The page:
Steve tried to buy the PalmPilot from 3Com last year. It didn’t work. 3Com’s PDA (a term coined ironically at Apple to describe the now discontinued Newton) is an astounding business success for the company. The buzz on the street is that smart devices a.k.a eMate, PalmPilot, et al may eventually become as big a market as PC’s. People don’t want to be chained to a desktop. The freedom of cell phones has awakened the wanderlust of the average fluorescently tanned office worker. Now, if only he/she could take their network connection and data out of the building with them they would be truly free. Combined with the SUV this trend may be an environmental Armageddon in the making. Imagine yuppies pouring out of the cities and into the country side like a locust invasion consuming all, yet constantly in touch with the home office. But, I digress. The point is look for Apple to come out with some sort of eMate with antenna, handheld cell modem thingamabob next year to capitalize on this growing trend.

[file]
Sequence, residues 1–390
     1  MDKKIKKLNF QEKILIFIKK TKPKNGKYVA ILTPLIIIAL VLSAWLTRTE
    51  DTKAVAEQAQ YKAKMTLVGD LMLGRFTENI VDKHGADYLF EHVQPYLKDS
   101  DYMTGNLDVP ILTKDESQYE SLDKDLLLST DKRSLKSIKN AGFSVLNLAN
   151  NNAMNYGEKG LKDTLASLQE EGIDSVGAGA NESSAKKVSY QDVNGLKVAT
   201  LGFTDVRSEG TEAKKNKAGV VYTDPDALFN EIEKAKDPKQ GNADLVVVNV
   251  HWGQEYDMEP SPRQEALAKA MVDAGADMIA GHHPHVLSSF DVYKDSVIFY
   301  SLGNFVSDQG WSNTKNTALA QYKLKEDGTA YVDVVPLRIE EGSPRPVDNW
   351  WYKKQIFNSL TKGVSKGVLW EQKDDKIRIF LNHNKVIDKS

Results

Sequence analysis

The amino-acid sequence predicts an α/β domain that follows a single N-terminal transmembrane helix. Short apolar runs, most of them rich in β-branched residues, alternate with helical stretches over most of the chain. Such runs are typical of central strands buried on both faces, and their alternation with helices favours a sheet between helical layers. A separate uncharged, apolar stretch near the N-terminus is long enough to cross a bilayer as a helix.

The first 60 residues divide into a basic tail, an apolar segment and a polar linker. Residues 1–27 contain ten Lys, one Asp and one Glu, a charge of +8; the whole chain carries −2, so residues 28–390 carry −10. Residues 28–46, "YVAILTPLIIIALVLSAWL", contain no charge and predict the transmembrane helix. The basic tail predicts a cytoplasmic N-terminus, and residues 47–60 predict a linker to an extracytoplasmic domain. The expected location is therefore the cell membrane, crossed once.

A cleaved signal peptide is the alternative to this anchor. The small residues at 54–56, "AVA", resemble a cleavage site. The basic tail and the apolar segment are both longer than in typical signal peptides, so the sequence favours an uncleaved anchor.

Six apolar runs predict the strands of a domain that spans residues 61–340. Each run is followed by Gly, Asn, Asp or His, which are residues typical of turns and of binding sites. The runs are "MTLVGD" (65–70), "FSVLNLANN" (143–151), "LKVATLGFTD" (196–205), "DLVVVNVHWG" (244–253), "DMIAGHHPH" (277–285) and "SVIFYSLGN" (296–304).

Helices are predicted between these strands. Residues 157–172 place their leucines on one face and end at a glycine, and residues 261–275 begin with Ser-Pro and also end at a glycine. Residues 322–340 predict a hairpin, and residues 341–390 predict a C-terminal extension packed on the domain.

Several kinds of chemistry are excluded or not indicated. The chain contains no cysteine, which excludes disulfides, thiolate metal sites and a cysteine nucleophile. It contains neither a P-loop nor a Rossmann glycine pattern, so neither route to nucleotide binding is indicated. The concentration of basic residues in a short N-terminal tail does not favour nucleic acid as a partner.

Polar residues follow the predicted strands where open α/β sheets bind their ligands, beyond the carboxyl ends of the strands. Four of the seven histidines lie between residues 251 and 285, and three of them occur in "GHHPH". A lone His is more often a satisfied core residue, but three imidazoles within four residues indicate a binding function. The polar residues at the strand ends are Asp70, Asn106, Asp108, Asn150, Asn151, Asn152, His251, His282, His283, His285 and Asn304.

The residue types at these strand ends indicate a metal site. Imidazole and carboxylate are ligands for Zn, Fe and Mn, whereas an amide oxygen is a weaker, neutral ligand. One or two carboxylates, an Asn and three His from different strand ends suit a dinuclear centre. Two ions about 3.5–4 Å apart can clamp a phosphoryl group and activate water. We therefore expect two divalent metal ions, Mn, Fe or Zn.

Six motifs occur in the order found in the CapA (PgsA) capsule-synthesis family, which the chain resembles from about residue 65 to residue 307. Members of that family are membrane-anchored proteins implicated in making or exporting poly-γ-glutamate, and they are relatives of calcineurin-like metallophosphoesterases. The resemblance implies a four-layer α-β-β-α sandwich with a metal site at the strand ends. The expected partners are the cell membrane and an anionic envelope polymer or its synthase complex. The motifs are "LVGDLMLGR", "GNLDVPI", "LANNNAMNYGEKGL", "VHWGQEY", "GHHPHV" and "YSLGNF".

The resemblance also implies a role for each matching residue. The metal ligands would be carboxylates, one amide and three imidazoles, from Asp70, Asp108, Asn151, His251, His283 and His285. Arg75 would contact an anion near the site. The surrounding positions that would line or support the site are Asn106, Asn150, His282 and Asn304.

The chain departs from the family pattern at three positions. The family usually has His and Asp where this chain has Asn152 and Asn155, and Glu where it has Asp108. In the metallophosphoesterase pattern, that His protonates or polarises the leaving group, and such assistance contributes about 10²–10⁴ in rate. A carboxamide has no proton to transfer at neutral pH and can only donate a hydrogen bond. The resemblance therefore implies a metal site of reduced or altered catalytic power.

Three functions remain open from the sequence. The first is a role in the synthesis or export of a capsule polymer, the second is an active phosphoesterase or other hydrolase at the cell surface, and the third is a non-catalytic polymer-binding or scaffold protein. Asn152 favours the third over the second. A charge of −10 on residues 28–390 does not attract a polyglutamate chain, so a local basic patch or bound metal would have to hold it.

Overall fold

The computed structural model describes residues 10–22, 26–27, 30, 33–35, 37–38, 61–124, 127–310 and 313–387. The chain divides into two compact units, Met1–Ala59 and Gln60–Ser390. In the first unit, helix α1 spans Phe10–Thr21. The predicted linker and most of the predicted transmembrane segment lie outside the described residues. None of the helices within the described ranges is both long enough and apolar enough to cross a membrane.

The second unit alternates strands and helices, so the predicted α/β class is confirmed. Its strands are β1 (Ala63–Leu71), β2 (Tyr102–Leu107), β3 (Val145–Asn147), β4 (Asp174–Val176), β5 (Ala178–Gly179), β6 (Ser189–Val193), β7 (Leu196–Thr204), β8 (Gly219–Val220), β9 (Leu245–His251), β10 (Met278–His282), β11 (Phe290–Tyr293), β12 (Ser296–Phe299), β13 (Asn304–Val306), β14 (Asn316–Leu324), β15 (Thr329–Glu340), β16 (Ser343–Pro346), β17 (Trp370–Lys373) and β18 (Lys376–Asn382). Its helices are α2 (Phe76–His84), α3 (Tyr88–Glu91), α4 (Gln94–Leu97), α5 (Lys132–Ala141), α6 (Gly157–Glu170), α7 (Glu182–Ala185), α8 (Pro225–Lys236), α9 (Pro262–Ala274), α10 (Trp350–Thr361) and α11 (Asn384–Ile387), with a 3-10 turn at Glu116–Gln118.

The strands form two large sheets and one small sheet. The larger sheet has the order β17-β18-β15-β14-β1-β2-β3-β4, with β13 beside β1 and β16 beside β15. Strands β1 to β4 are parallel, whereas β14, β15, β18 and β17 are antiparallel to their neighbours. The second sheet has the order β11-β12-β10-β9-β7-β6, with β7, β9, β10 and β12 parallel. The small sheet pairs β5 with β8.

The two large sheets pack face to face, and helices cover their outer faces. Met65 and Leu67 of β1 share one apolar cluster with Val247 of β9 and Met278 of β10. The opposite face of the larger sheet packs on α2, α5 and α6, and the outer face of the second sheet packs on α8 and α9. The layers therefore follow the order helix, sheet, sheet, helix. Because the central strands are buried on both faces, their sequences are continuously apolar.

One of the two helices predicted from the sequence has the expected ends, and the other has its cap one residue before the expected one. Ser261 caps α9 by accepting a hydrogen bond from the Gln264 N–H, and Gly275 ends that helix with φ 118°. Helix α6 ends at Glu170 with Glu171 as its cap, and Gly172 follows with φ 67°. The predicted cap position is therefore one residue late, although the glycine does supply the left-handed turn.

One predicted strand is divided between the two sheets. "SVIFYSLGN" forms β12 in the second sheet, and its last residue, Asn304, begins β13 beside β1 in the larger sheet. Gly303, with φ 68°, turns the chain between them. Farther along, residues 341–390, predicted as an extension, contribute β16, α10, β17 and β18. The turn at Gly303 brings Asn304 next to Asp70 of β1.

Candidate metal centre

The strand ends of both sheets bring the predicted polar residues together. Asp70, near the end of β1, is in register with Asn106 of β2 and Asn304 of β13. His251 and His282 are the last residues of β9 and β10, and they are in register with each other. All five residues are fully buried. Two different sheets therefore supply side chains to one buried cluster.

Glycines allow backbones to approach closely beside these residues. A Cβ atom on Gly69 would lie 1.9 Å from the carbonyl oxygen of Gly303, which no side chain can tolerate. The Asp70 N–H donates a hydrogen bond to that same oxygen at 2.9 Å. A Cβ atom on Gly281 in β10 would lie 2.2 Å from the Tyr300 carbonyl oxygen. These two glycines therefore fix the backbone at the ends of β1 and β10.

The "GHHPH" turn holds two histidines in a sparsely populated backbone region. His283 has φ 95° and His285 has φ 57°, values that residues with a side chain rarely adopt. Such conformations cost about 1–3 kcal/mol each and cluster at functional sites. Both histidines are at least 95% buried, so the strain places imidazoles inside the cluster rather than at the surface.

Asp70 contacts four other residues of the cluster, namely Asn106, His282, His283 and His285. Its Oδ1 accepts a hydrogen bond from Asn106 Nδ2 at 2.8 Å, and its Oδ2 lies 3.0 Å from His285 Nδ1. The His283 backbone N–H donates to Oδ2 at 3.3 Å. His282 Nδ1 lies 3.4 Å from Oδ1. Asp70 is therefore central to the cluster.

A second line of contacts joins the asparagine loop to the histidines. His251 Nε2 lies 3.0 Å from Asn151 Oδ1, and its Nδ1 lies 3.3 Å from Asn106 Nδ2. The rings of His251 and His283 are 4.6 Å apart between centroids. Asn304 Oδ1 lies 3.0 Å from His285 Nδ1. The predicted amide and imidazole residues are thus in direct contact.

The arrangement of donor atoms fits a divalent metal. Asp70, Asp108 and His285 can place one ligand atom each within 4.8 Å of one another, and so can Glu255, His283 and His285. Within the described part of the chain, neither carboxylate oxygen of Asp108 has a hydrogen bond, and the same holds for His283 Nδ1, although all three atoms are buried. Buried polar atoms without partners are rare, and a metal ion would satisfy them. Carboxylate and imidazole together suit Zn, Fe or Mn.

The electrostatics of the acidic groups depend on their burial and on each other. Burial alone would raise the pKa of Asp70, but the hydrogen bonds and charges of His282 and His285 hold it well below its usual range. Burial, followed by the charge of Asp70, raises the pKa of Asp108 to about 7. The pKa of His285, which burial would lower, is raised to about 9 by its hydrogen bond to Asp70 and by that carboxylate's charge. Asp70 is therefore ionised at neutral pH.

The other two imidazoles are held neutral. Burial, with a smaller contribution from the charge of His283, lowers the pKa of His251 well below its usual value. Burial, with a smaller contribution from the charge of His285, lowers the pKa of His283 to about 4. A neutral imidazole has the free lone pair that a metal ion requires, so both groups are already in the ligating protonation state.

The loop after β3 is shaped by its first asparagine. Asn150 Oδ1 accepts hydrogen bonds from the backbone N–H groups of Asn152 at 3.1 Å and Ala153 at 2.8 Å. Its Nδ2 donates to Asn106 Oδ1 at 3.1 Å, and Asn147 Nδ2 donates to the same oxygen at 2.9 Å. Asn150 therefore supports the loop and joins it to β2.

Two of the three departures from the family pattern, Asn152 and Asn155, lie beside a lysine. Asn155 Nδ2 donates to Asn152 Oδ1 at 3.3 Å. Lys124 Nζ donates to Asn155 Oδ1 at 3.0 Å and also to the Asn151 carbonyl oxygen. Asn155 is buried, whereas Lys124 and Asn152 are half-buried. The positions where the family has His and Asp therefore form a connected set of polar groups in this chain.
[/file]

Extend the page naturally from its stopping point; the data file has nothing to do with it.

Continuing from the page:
Another clue: Steve said in the Forbe’s article that he wants Apple to become the Sony of the computer consumer market space and the iMac gives Apple a leg up on that goal. Beyond that pronouncement was a lot of fuzzy feel good stuff like how the home computer market has massive room for growth and the PC box makers are focused more on hardboiled business and not on the ease-of-use issues that home consumers want. Steve doesn’t really say how Apple will become a Sony, probably, in part, because he doesn’t really know. The universe is yet unfolding before our very eyes.